Financing Long-Term Care

The current system of financing long-term care in the United States is in very serious trouble. The average cost of a private room is close to $80,000 per year (New York Life, 2007) and is by far the leading catastrophic health care expense. The Centers for Medicare and Medicaid Services (2007) estimates that between 2008 and 2017 national expenditures for nursing home care will rise from about $137 billion to $218 billion. Contrary to popular belief, Medicare does not cover nursing home care but does have limited nursing home and home care benefits for people who need skilled nursing services and who meet other criteria. Private insurance plans pay only around 7% of the costs nationally. About 25% of the expense is paid for directly by nursing home residents. When residents become impoverished (a definition that varies widely from state to state), they become dependent on Medicaid, which pays the bulk of the total.

(In 2005, the total Medicaid expenditures for skilled nursing home care were roughly $59 billion, or 45.4% of the total national expenditure.) Given these expenses and the lack of insurance coverage, how will we be able to finance the long-term health care system?

Several options have been proposed (Feder, Komisar, & Friedland, 2007). Four main strategies are possible:

• A strategy that promotes long-term care insurance that keeps public financing as a safety net. This approach would spread the risk without expanding the demands on federal or state budgets and on taxpayers to pay fully for long-term care. Still, a public safety net would be essential.

• A strategy to expand the public safety net for people with low to moderate incomes, with people from higher-income brackets expected to provide for themselves through private financing. This approach targets the people with the greatest need and the fewest resources.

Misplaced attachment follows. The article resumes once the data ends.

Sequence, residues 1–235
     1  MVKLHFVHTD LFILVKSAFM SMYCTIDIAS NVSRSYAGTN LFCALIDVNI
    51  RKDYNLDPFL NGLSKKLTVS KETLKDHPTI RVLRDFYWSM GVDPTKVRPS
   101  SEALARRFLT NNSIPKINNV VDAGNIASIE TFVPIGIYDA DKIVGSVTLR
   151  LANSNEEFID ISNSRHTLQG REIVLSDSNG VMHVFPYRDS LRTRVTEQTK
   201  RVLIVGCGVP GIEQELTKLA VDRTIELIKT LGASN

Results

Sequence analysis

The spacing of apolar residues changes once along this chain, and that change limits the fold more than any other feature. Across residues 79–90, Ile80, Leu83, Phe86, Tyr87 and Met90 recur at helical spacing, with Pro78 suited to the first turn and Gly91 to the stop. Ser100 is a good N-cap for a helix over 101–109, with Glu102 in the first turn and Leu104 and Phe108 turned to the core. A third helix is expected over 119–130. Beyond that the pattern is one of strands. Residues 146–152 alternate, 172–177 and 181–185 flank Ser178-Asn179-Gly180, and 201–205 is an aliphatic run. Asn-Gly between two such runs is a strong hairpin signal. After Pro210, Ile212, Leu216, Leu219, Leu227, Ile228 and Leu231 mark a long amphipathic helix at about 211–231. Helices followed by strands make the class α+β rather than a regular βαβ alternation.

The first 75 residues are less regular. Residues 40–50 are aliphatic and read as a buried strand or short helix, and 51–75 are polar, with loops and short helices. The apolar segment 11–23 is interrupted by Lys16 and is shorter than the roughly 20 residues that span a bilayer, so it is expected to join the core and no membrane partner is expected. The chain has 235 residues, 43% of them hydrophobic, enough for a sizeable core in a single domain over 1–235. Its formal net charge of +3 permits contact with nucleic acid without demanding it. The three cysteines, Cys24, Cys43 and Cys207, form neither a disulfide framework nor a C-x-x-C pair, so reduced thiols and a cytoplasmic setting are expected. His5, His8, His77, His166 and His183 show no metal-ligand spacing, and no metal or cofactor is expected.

• A strategy to establish public catastrophic long-term

care insurance and support complementary private insurance to fill the gap along with the public safety net.

This approach would spread the risk and the burden on a greater number of people, reducing the cost of private insurance, but still pricing it beyond the means of many older adults.

• A strategy to establish universal public long-term care insurance that would be supplemented with private financing and a public safety net. This approach spreads the burden over the greatest number of people, thereby addressing the problem

of affordability of private insurance.

Despite the wide range of options, many of them place the burden on individuals to come up with ways of financing their own care. Given the cost, and the fact that millions of Americans do not have access to health insurance, large subsidies from the government will still be needed for long-term care regardless of what the private sector does.

Given that government subsidies for long-term care will be needed for the foreseeable future, the question becomes how to finance them. Under the current Medicaid system, older adults are not protected from becoming impoverished, and in essence are required to have few assets in order to qualify. With the aging of the baby-boom generation, many more people will spend their assets, causing Medicaid costs to skyrocket. If we want to continue the program in its current form, additional revenues will be needed, either in the form of taxes or dramatic spending reductions in other areas of public budgets.